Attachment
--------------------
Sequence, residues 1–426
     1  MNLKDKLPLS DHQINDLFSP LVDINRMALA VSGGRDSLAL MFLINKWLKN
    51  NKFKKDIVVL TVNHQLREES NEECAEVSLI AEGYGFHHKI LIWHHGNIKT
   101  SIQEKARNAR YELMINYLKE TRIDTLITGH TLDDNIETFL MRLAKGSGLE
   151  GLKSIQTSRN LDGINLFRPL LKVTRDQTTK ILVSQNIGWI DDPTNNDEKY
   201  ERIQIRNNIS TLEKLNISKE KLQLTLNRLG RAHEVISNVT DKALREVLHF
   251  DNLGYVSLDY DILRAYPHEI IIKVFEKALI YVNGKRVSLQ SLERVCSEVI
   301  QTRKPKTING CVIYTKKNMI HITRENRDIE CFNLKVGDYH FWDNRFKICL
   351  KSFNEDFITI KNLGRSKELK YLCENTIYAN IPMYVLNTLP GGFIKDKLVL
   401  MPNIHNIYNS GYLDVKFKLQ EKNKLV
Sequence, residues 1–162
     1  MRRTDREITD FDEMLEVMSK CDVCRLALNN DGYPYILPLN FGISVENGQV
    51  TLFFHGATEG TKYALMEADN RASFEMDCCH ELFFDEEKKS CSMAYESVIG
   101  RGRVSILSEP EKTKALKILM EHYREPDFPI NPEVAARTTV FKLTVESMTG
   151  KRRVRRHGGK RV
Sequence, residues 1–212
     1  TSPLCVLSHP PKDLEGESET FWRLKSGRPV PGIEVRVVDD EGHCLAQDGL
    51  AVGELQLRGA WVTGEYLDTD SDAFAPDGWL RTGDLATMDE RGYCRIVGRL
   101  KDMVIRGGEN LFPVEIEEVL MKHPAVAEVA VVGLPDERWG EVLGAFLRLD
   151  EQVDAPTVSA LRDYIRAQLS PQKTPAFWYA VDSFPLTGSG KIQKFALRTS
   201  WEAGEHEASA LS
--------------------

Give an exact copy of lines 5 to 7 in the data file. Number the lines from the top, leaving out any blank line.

   151  GLKSIQTSRN LDGINLFRPL LKVTRDQTTK ILVSQNIGWI DDPTNNDEKY
   201  ERIQIRNNIS TLEKLNISKE KLQLTLNRLG RAHEVISNVT DKALREVLHF
   251  DNLGYVSLDY DILRAYPHEI IIKVFEKALI YVNGKRVSLQ SLERVCSEVI